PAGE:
The meeting was attended by Constitutional Court President Valery Zorkin, Supreme Court President Vyacheslav Lebedev, Higher Arbitration Court President Anton Ivanov, Prosecutor General Yury Chaika, Chief of Staff of the Presidential Executive Office Sergei Naryshkin, First Deputy Chief of Staff of the Presidential Executive Office Vladislav Surkov, Presidential Aide and Head of the State Legal Department Larisa Brychyova, Justice Minister Alexander Konovalov, and Chairman of the Investigative Committee Alexander Bastrykin.
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President of Russia Dmitry Medvedev: Good afternoon, colleagues. Our meetings have already become a regular occurrence and today I would like to highlight two issues. Naturally, we can also talk about other matters, just as it usually happens.
One of these issues is very complicated and has wide public implications. It concerns the so-called non-procedural petitions to the court. Unfortunately, all of you know perfectly well what I am referring to: the practice of petitioning presidents of courts with requests to provide an objective, complete and comprehensive review of a given case, and to take the case under personal supervision. Regrettably, this practice is rather common in our country, and we must not turn a blind eye to it. I am not saying that all those petitions are initially corrupt in their nature. Often they are submitted by professional associations, the so-called corporate groups or state officials such as governors or heads of other executive agencies, speakers or members of our Parliament.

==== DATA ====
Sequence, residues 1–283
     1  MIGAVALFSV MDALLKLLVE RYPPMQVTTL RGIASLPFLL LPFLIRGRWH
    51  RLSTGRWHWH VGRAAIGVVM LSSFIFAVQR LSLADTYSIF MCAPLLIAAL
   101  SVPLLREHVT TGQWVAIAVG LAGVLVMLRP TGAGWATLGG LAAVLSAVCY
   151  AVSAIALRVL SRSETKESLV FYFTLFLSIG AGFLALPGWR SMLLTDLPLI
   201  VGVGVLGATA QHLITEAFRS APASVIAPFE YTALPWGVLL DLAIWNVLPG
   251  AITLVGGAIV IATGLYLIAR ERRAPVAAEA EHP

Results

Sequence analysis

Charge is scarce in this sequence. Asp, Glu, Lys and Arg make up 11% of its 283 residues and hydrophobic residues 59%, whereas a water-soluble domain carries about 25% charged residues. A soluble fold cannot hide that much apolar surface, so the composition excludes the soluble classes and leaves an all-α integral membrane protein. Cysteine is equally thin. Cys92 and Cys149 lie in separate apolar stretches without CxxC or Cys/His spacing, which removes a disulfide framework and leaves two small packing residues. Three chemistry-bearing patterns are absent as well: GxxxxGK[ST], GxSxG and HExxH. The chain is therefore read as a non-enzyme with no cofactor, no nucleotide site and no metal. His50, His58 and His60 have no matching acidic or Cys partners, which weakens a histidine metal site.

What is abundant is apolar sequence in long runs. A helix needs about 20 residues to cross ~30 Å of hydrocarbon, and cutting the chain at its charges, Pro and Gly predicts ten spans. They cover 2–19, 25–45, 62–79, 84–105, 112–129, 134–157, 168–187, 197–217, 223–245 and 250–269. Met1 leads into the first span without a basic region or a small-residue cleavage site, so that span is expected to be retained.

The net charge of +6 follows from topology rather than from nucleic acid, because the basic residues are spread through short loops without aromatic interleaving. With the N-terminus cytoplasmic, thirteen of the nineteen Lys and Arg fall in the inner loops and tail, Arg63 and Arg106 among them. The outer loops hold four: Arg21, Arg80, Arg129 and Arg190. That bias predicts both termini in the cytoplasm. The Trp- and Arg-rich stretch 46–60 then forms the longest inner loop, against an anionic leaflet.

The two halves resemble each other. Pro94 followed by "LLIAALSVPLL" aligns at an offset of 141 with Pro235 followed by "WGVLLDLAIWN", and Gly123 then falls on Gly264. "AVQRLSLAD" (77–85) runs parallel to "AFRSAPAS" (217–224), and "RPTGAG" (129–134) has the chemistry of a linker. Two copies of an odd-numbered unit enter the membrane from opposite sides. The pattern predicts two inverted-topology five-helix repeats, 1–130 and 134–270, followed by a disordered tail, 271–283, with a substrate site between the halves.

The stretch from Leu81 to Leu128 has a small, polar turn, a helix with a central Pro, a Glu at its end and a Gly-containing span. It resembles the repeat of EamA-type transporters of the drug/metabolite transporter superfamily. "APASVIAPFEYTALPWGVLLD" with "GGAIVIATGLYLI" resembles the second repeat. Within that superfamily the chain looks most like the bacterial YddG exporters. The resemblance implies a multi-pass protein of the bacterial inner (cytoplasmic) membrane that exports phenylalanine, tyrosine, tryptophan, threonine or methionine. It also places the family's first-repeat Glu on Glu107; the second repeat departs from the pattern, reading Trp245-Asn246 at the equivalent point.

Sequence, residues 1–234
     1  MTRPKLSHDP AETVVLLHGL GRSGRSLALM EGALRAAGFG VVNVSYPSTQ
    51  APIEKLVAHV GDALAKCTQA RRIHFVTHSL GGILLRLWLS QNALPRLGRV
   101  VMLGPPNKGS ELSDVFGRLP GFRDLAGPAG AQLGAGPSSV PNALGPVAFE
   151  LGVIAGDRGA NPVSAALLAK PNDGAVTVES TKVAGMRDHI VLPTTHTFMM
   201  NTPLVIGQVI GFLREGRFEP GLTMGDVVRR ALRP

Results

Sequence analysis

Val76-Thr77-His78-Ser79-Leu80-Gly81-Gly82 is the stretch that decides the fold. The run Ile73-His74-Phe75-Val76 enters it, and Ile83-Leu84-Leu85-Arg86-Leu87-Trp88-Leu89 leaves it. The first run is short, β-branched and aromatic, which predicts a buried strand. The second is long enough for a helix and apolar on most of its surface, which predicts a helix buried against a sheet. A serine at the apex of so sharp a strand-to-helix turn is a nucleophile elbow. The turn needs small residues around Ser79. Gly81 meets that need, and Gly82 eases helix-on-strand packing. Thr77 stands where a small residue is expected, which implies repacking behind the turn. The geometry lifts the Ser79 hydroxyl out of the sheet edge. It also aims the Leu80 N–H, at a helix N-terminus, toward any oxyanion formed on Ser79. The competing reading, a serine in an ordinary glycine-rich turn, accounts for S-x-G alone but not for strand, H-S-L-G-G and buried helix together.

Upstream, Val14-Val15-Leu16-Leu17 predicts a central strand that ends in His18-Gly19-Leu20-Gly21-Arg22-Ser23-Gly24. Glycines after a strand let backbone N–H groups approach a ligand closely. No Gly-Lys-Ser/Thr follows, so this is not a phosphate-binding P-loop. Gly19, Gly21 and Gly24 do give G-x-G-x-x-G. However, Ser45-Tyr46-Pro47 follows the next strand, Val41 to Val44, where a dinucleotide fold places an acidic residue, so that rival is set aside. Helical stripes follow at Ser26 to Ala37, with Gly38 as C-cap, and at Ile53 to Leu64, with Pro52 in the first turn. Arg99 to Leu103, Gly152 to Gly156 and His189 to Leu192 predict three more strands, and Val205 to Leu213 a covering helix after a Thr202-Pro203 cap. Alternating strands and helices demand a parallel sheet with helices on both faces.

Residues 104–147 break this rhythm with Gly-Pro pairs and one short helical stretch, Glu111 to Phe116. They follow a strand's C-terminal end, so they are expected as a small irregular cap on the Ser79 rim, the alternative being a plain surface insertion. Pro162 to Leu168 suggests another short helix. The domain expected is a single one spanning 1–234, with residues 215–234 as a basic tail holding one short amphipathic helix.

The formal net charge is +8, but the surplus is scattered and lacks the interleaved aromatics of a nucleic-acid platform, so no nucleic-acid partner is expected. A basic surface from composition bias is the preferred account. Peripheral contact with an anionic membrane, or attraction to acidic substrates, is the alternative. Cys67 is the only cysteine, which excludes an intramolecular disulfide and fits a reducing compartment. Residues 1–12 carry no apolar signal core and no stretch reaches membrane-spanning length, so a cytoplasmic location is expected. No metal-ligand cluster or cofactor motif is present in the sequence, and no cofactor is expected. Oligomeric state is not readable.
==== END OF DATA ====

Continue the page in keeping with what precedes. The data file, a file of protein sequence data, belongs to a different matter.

“The issue of non-procedural petitions to the court is very complicated and has wide public implications. It concerns the practice of petitioning presidents of courts with requests to take the case under personal supervision. This it is a violation not only of ethical but also of legal standards, constitutional norms. Such petitions violate the principle of equality of all Russian people before the court and the law.”
At first glance, all those who submit petitions to the court exercise their right to communication, the right to petition the authorities. It has always been like that in our country. The aim of such petitions is utterly respectable: to ensure that the court arrives at a fair and just decision. However, as lawyers and as people who are interested in the development of a modern independent judicial system, we all understand that it is a violation not only of ethical but also of legal standards, namely the constitutional norms.